Jeb Bush’s Brand of Welfare Statism

by | Jan 21, 2016 | Welfare

Bush’s proposal merely reinforces the false idea that government has a right to force some to be the keepers of others. He wants to pass it off to the states.

Presidential candidate and former Florida Governor Jeb Bush unveiled his plan Friday, which would eliminate the federal food stamp program and the Temporary Assistance for Needy Families program — replacing them with “Right to Rise” grants directly to states so they can develop programs particular to their residents.


How do you get rid of federal welfare while still claiming one has a “right to rise”?

What is a “right to rise,” and what does it depend upon?

Let’s say I have a right to a new car. Or a right to a college education. Or a right to food stamps. It does not matter which particular right I claim. In every case, I’m relying on someone else paying for it.

Do I have a “right to rise” on your time, money and back? Do you have a right to rise on mine?

Jeb Bush tries to have it both ways, like Republicans always do. On the one hand, he wants to get rid of the federal food stamp and welfare programs. On the other hand, he asserts that there’s a “right to rise.”

But if there is such a thing as a right to rise, then how does he justify getting rid of the food stamp program? In fact, if we all have a right to rise, the government should spend even more on food stamps, and everything else, in unlimited amounts. This is exactly what has been happening, under both Democratic and Republican regimes.

The only way to get rid of welfare – and I mean all welfare, corporate as well as personal – is to reject the idea that there’s a right to rise, i.e. a right to enjoy success or even survival, on the backs of others.

Let’s review the basis for a free country. I know of few places more eloquent, in this respect, than the Declaration of Independence. The Declaration of Independence, upon which the United States Constituiton was originally based, asserts the rights to “Life, Liberty and the pursuit of Happiness.”

These rights do not imply an obligation on another to provide them. If you’re starving, I’m free to help you – but I am not legally obliged to do so. The same applies if I’m starving.

The moment a government steps in and says one citizen must, by compulsion, provide for the needs of another citizen is the moment the government has turned one individual into the legally compelled servant of the other. That’s what slavery is. And we wonder why there’s so much waste, fraud, abuse and arrogance with our vast entitlement state. How could it be otherwise, the moment you introduce such coercion and compulsion?

Government benefits all come from somewhere. Whether the benefits are to provide corporate subsidies, food stamps, health insurance or anything else under the sun, there are always some citizens forced to pay for the goods or services of another. This is slavery, in principle, no matter how much you try to sugarcoat or gloss it over with faux claims of “charity.”

Nobody seems willing to say it, but it’s true. And until a majority of people face up to this fact, we’ll continue to have meaningless proposals from ultimately meaningless politicians like Jeb Bush, proposals which (even if enacted) will not change a thing.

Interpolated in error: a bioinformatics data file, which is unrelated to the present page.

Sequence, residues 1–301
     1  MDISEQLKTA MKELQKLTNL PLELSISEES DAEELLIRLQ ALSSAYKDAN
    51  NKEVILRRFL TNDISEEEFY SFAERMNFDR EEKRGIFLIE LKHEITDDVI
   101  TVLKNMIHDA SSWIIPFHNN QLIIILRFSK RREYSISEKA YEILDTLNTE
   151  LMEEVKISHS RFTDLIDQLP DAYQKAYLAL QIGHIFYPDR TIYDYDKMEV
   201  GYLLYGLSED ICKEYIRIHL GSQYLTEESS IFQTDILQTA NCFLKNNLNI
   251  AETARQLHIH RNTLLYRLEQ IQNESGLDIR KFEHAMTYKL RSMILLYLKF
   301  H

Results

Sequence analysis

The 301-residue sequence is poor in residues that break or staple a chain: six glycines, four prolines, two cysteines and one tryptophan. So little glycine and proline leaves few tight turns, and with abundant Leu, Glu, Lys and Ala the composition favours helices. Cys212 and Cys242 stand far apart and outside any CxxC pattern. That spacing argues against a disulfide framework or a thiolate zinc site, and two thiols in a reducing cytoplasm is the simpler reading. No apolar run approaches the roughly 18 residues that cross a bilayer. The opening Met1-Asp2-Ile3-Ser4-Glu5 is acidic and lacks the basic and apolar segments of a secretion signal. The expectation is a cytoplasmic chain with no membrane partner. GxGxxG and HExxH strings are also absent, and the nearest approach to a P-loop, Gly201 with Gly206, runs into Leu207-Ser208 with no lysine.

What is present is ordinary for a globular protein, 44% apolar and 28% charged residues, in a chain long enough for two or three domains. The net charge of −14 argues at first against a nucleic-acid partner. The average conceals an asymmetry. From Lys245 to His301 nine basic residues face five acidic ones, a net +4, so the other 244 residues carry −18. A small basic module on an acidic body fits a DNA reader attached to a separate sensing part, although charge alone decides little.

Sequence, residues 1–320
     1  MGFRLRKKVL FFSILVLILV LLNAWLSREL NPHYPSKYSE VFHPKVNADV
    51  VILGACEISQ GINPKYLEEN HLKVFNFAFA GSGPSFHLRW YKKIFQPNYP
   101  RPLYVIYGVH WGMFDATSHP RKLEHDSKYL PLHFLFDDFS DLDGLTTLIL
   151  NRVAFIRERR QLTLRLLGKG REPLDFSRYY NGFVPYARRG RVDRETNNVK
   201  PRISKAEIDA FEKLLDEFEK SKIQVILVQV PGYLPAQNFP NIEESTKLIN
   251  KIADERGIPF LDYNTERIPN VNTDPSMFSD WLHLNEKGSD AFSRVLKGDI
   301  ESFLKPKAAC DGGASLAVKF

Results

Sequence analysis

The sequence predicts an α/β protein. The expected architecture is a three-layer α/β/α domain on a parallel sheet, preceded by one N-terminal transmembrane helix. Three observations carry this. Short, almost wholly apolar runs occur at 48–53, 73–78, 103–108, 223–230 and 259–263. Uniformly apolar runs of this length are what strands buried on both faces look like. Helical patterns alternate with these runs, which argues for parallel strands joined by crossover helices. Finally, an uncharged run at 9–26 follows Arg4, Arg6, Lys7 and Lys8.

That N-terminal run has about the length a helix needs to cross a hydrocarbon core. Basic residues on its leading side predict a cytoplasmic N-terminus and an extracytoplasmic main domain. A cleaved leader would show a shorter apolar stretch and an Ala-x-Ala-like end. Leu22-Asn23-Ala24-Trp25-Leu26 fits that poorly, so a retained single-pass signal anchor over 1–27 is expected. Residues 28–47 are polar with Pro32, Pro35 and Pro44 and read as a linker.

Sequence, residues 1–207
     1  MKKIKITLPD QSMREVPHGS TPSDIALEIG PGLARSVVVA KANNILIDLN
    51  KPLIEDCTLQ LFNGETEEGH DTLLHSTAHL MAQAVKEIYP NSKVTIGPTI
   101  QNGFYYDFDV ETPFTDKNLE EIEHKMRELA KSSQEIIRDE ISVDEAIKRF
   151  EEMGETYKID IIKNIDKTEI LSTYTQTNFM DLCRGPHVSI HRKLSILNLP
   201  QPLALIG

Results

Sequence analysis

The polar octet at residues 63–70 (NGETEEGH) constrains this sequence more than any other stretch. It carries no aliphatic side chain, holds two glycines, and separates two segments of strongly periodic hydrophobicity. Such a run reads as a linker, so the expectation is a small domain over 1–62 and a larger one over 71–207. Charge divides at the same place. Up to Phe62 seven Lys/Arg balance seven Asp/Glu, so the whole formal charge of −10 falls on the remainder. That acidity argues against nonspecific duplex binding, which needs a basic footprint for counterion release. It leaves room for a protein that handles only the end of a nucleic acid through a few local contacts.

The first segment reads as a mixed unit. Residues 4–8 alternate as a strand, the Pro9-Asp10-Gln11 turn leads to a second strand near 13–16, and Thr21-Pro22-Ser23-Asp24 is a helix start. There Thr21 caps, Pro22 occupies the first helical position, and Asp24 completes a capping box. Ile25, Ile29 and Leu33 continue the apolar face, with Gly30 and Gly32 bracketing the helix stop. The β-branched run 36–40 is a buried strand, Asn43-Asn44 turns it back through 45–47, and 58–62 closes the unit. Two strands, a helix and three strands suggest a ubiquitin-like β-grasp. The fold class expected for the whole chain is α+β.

Charity is a perfectly fine and reasonable thing, when voluntarily done, and when helping people who suffer through no fault of their own. But charity is not a right. So long as a majority of us keep insisting it is, then the economy will continue to flounder, self-responsibility will continue to diminish, and in the bigger picture everyone will end up suffering more.

The former governor told Newsmax that, while the War on Poverty launched in the 1960s initially raised living standards for low-income Americans, the poverty rate has not dropped since around 1970.

“It has remained totally flat — and we’ve spent literally $1 trillion a year,” Bush said. “At some point, someone has to say: ‘This hasn’t worked. Let’s try something different.’”

Try something different? How is Bush’s proposal different?

Bush’s proposal merely reinforces the false idea that government has a right to force some to be the keepers of others. He wants to pass it off to the states. It will never happen, and he knows it. If Jeb Bush became president, even with a Republican Congress, they will almost certainly end up spending even more on welfare (corporate and individual), just as happened on his brother’s and father’s watch.

Why? Because so long as you refuse to challenge the underlying, false idea that government should be distributing wealth in the first place, you’re going to get more of the same.

Dr. Michael Hurd is a psychotherapist, columnist and author of "Bad Therapy, Good Therapy (And How to Tell the Difference)" and "Grow Up America!" Visit his website at:

The views expressed above represent those of the author and do not necessarily represent the views of the editors and publishers of Capitalism Magazine. Capitalism Magazine sometimes publishes articles we disagree with because we think the article provides information, or a contrasting point of view, that may be of value to our readers.

Related articles

Elon Musk’s Universal High Income vs. Universal Basic Income?

Elon Musk’s Universal High Income vs. Universal Basic Income?

Elon Musk claim that humanity is headed for “universal high income” instead of UBI is possible to the extent that peace, easy taxes, and a tolerable administration of justice prevail. That means reducing the power of the state rather than extending it with UBI or other collectivist social experiments.

No spam. Unsubscribe anytime.

Pin It on Pinterest